“The DoD needs the Intelligence Community to be more responsive to their requirements because when you’re looking at engagements, kinetic engagements, the DoD will lead that fight but they need data,” said Jack Allen, Director of Mission Engineering at Raytheon. “Typically, data from intelligence resources that provided oversight and awareness of a battlefield wasn’t needed in real-time.”

“The demand, however, is to move intelligence assets to the edge to be closer to the air operations centers and command-and-control nodes being used by warfighters on the ground. They need that information on demand, and that’s the challenge today when we talk about orchestration.”

Interfaces for clean data exchange between the DoD and IC so the systems can talk to each other across security domains would position the Intelligence Community to better support the DoD. (Graphic courtesy of Raytheon)

Having proper interfaces for clean communication and data exchange between the DoD and IC, not only from a CONOPS policy level but also at the technical level so the systems can talk to each other across security domains, would position the Intelligence Community to better support DoD through better allocation of infrastructure assets.

“Even though the DoD has made advancements in joint warfare, the integration of space elements that don’t belong to Title 10 can still be improved,” noted Allen. “It would be something very useful in synergizing the effects that they need on the battlefield.”

Mission engineering for mission success

Raytheon is working with both the DoD and IC to make this orchestration a reality for the future force by evaluating architectures within specific scenario-based missions and providing quantitative outputs (i.e., measures and metrics) that can lead to greater mission success. The company focuses on simulating the behaviors and effects of executing the mission — the baseline and alternative mission approaches — amid potential variations in conditions to assess mission impacts.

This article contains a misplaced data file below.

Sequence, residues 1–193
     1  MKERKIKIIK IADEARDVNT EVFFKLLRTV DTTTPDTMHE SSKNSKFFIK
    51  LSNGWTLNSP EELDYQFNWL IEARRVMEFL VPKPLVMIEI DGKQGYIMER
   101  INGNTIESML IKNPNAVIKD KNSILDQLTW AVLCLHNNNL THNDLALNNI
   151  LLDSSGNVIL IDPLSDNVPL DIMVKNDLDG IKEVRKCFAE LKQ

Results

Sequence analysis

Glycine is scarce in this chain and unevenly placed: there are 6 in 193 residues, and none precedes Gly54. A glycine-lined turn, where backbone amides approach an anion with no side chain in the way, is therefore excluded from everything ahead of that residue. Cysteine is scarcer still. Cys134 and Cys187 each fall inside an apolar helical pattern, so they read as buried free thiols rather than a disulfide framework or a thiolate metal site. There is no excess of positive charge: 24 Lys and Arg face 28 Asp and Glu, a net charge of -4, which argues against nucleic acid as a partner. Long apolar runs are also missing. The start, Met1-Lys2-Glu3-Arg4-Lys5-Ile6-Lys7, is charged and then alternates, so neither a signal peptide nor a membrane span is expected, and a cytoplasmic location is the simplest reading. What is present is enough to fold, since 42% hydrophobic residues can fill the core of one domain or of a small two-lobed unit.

To do this most effectively, Raytheon is following the Department of Defense Mission Engineering Guide, issued by the Office of the Under Secretary of Defense for Research and Engineering. It has essentially one main purpose: identifying and quantifying gaps and opportunities across missions and breaking down scenarios into their constituent components and assessing how their relationships affect the mission. It’s not a how-to guide, but rather describes a methodology that is scalable and adaptable in addressing questions related to mission scope, complexity, and time.

“We model our analyses after the DoD Mission Engineering concept, and I think that it will have a future within all of industry in providing insights to government,” said Allen.

“Raytheon takes a collaborative approach to deliver credible assessments on what our customers need, which helps them be more efficient with their dollars and provide the exact capabilities needed – not only from the strategic standpoint of the IC but also from what the tactical users want.”

When it comes to target custody at scale, resilient operations, adaptive systems, enabling mission growth, and innovation, Raytheon takes a disciplined mission-engineering approach to analyzing government missions, and comprehensively explains the key challenges and opportunities – backed up with data. Through architectural analysis, modeling and simulation tools, and expert knowledge, the company works to understand where the critical gaps reside and what it takes to close them.